196 adjectives to describe apprehensions
Whoever reads the Roman historians must be surprised at the number of prodigies which are constantly recorded, and which frequently filled the people with the most dreadful apprehensions.
Suddenly there came a gust of wind through the trees, which set them creaking and crackling with vague apprehension, for the wind is always the mischief makerthe tattlerthe brawler who starts the troubleand the peaceful, slumbering absent-minded prairie fire, nibbling away at a few dead roots and grass, had been too much for it.
I thus lived in constant apprehension of being ordered back to the Netherlands, and yearned for the wings of a dove, that I might flee away and be out of mischief.
But while the time was being spent in such joyous fashionand that it was joyous, Love, who alone may bear witness thereof, can truly sayyet sometimes his coming inspired me with not a little natural apprehension, inasmuch as he was beginning to be indiscreet in the manner of his coming.
I walked from his door to-day, with a fearful apprehension of what might happen before I returned.
During this time I had ample opportunity for observing Moll, but with little relief to my gloomy apprehensions.
For a time I had painful apprehensions that that, too, had been educated away.
He is like a man, who being admitted into better company than his birth and education have fitted him for, is under continual apprehension, lest his attitude and motions should betray his origin.
Whatever the reason, I had become filled with grave apprehensions.
No sooner were Othello and his lady landed in Cyprus, than news arrived, that a desperate tempest had dispersed the Turkish fleet, and thus the island was secure from any immediate apprehension of an attack.
The circumstance itself was one justly to excite slight apprehension, though, on second thoughts, Gelsomina saw no more in it than a return from some expedition of pleasure, or some serenade perhaps, in which the caution of a lover had compelled his followers to resort to this species of concealment.
They had passed through many perils and hardships, and had been in a state of anxious apprehension for many days together; and now suddenly arriving at this shore, and seeing those well-known vegetables, the lei and kwoh, they knew indeed that it was the land of Han.
A telling circumstance against you, Ranelagh, not only contradicting your own story but showing that her after condition sprang from some sudden and extreme apprehension in connection with her sister.
" Just as in the setting forth of these spiritual apprehensions, the words and imagery are usually her own, so in the description of bodily vision she uses her own language and comparisons.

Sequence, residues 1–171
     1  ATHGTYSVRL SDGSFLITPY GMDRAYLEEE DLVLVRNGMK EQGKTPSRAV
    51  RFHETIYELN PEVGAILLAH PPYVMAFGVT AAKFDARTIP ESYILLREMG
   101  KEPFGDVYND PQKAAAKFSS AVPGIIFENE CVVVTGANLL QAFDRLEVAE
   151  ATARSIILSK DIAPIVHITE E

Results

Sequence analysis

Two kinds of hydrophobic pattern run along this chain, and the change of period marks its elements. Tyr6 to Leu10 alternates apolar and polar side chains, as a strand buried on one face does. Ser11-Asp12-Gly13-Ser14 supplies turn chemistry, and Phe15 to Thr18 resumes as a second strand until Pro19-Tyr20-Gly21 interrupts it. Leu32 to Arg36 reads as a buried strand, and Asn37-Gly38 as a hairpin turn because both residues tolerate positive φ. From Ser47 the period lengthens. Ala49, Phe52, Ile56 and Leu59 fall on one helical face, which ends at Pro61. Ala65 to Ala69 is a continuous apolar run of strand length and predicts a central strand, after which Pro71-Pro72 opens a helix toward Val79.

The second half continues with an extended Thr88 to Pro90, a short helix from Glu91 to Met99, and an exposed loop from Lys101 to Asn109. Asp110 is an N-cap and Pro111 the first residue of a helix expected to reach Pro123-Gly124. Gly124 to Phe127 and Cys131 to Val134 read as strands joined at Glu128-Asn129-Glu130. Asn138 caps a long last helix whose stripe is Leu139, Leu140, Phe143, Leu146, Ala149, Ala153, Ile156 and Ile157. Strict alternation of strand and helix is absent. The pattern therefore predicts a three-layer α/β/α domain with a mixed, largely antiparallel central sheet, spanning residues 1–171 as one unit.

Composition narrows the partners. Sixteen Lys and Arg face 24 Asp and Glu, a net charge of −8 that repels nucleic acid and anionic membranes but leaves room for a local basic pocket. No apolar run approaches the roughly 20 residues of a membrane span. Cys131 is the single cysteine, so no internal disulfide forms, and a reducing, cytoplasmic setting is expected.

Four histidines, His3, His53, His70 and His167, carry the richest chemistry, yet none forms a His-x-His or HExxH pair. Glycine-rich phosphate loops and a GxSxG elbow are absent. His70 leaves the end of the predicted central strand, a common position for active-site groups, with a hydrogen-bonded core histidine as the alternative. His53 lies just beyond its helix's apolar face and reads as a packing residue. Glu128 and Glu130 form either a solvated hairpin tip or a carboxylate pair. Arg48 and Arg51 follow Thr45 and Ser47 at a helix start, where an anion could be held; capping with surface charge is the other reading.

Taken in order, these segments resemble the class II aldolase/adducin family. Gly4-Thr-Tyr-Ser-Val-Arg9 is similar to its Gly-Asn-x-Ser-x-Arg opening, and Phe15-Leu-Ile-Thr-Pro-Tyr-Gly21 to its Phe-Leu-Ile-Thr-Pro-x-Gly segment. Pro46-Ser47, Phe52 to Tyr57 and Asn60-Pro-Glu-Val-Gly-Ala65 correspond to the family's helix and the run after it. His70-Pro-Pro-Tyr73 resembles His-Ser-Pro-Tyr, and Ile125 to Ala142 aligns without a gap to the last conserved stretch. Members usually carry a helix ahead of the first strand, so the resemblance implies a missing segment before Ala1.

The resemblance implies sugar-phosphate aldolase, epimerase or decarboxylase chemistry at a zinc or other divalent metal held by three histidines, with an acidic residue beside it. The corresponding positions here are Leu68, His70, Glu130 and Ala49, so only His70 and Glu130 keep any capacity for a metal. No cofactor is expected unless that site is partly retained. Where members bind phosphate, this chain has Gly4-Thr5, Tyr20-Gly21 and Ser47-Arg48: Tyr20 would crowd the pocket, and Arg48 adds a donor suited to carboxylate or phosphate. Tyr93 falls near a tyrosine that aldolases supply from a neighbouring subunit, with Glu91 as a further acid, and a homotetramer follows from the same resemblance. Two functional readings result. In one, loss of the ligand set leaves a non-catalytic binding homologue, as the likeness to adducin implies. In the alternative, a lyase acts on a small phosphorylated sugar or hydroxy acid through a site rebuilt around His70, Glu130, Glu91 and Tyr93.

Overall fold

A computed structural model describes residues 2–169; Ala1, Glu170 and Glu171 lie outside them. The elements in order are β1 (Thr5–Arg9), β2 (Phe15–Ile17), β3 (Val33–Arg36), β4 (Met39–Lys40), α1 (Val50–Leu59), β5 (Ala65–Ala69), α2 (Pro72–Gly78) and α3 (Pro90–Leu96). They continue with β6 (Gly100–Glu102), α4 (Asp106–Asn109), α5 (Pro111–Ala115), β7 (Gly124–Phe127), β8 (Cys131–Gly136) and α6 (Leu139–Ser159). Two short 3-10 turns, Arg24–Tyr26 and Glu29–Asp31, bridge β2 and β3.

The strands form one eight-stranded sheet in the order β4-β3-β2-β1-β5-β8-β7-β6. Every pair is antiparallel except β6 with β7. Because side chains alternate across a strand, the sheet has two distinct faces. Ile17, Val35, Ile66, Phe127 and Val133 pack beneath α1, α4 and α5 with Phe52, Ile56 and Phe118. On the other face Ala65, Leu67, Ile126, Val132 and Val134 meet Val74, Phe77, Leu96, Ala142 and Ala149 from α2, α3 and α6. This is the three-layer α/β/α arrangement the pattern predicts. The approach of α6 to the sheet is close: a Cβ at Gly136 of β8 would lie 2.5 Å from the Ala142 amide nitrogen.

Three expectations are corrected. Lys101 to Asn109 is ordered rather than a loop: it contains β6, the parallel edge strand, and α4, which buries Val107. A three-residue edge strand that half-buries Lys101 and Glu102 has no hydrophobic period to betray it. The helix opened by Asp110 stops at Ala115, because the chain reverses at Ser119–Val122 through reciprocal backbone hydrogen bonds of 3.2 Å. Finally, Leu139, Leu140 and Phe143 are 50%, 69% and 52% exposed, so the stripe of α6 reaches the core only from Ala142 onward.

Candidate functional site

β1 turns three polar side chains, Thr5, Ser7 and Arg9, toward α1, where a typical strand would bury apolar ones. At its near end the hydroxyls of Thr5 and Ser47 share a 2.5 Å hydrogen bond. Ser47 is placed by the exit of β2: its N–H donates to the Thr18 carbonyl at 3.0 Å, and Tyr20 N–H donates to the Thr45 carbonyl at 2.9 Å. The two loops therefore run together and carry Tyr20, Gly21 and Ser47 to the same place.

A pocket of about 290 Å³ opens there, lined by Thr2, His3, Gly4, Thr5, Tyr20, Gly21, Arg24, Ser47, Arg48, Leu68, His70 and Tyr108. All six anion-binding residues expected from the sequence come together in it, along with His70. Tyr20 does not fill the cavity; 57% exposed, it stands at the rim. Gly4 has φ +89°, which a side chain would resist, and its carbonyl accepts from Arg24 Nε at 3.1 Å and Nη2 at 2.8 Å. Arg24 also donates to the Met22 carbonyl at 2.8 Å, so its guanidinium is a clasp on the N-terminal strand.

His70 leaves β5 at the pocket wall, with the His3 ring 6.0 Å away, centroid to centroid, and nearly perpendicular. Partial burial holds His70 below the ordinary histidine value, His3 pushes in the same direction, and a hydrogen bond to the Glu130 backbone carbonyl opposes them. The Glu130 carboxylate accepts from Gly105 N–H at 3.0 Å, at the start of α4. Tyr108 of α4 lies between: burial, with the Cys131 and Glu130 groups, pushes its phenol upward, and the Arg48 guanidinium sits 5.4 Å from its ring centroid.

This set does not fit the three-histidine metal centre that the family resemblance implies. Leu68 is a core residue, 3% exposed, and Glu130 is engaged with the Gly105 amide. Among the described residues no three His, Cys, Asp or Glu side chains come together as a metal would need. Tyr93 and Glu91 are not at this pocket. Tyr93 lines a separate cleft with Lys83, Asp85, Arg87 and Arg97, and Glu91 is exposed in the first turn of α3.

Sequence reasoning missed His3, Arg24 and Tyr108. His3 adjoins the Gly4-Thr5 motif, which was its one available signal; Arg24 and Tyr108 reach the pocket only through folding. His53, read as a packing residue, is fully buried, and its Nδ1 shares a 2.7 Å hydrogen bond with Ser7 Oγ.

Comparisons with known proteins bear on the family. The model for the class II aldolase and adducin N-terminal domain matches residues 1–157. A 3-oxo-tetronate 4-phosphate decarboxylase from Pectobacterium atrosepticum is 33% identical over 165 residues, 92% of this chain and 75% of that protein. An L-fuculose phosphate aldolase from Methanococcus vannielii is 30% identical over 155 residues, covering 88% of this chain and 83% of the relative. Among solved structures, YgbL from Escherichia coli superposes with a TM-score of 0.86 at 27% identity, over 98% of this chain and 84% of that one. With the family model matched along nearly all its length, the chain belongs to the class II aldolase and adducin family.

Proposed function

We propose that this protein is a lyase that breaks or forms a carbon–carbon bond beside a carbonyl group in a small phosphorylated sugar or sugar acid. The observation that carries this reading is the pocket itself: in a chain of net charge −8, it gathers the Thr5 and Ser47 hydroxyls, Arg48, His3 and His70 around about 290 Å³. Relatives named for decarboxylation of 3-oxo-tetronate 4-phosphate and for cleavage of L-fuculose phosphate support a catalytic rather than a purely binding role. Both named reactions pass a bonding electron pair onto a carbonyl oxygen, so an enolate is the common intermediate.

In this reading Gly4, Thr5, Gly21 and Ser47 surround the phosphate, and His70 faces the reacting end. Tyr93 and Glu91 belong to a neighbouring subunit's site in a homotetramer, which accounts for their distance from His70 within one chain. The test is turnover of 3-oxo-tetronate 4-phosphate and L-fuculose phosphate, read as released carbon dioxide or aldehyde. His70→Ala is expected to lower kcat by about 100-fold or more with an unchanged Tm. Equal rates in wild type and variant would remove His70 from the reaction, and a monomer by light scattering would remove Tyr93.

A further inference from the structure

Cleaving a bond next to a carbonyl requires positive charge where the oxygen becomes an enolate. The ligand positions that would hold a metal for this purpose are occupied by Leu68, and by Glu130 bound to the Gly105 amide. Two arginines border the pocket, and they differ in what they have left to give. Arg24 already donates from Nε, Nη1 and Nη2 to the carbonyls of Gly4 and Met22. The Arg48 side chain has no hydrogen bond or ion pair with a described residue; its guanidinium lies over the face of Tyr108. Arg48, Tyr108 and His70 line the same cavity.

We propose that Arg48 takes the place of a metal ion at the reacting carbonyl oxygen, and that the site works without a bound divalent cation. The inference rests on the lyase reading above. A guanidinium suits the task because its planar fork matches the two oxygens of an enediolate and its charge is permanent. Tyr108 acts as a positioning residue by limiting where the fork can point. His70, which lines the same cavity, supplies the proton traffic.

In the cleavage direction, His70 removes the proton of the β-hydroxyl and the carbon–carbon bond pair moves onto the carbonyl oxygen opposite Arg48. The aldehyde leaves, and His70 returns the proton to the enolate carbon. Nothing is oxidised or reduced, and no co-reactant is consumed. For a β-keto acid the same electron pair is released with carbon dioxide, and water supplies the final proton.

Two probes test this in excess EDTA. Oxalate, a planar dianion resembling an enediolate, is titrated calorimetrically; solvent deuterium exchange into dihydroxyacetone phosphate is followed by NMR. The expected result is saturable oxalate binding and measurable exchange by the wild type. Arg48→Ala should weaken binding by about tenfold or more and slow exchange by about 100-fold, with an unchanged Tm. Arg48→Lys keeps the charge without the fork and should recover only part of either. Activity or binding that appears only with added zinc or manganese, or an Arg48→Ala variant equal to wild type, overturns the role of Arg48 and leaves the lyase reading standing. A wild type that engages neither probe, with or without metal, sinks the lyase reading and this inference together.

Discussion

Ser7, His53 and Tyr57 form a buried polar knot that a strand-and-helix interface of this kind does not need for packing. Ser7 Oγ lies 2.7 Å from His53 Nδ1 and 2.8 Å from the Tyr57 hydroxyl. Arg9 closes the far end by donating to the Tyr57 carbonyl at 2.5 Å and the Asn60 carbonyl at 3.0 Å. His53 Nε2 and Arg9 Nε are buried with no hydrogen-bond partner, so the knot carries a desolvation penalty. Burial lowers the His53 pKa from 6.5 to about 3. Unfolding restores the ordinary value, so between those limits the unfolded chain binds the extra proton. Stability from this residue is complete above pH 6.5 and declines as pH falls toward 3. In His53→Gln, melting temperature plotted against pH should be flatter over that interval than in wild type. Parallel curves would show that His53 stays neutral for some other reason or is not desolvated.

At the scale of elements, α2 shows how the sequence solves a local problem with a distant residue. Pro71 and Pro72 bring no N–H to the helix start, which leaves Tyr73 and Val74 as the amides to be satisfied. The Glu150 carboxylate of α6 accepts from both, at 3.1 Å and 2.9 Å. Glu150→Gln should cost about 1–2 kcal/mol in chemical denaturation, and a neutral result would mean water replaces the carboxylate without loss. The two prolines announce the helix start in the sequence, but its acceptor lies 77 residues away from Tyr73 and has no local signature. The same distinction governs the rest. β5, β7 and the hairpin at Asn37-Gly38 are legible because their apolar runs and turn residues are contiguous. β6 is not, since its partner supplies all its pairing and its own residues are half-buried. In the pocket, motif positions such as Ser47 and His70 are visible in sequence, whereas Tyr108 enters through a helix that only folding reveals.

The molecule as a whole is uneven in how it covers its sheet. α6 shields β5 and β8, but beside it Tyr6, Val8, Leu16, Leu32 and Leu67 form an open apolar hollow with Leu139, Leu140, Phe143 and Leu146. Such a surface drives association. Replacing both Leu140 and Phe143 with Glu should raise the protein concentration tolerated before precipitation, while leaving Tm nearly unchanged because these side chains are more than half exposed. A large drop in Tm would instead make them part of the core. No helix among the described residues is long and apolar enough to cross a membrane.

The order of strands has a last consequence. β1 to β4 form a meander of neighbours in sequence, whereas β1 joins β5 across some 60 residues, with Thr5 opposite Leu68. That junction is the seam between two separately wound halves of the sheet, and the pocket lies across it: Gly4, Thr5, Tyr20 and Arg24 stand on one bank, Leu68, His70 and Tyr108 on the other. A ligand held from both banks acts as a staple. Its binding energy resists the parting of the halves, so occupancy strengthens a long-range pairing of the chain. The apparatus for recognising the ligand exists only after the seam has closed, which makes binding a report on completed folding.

Neither can I deny, sir, that the curling of your whiskers the wrong way, and their peculiarity in remaining entirely still while your mouth is going, are circumstances calculated to excite the liveliest apprehensions of those who wish you well.
The more reasonable apprehension might be lest it should sap the vital force necessary to handle that material, and mould it into appropriate forms.
This personal introduction to each part of the image, now presented to her for the first time, enabled her to realise more forcibly than a lengthened experience of astronomical observation might have done the likeness to her own world of that which was passing under her eyes; and at once intensified her wonder, heightened her pleasure, and sharpened her intellectual apprehension of the scene.
Thus entered into as strange a scene of life as ever any man was in, I had most melancholy apprehensions concerning my deplorable condition: and many times the tears would plentifully run down my face, when I considered how I was debarred from all communications with human kind.
A storm at sea will be simply my death.' 'Dear Lady Kirkbank, I was only joking,' said Lesbia, who did not want to be worried by her chaperon's nervous apprehensions: 'so far the night is lovely.
Secondly, it can be understood strictly as a mere unfolding of the contents of a confused apprehension; so that there is an advance only in point of coherence and distinctness.
She held his hand very tightly, and he divined that the prospect of the boot's removal caused her considerable apprehension.
In that year, after taking part in a disorderly and fruitless expedition planned by Rosas to secure the southern frontier against Indian attacks, he suddenly made his appearance at Buenos Ayres, with a body of armed satellites, who inspired the newly-seated Dictatorthe famous Juan Manuel de Rosas, who has been already so often mentioned in these pageswith vivid apprehensions.
Speaking a week after the declaration of war, Pitt said that any expectation of success which the enemy might have must be based on the supposition that he could break the spirit or weaken the determination of the country by harassing us with the perpetual apprehension of descents on our coasts; or else that our resources could be impaired and our credit undermined by the effects of an expensive and protracted war.
Since every single action of a man's life seems to possess the freedom and originality which in truth only belong to his character as he apprehends it, and the mere apprehension of it by his intellect is what constitutes his career; and since what is original in every single action seems to the empirical consciousness to be always being performed anew, a man thus receives in the course of his career the strongest possible moral lesson.
Personal and household vermin seem to have an instinctive apprehension of the homes that are prepared for them, and flock to the families and dwellings where washing and sweeping are not the paramount law and unfailing habit.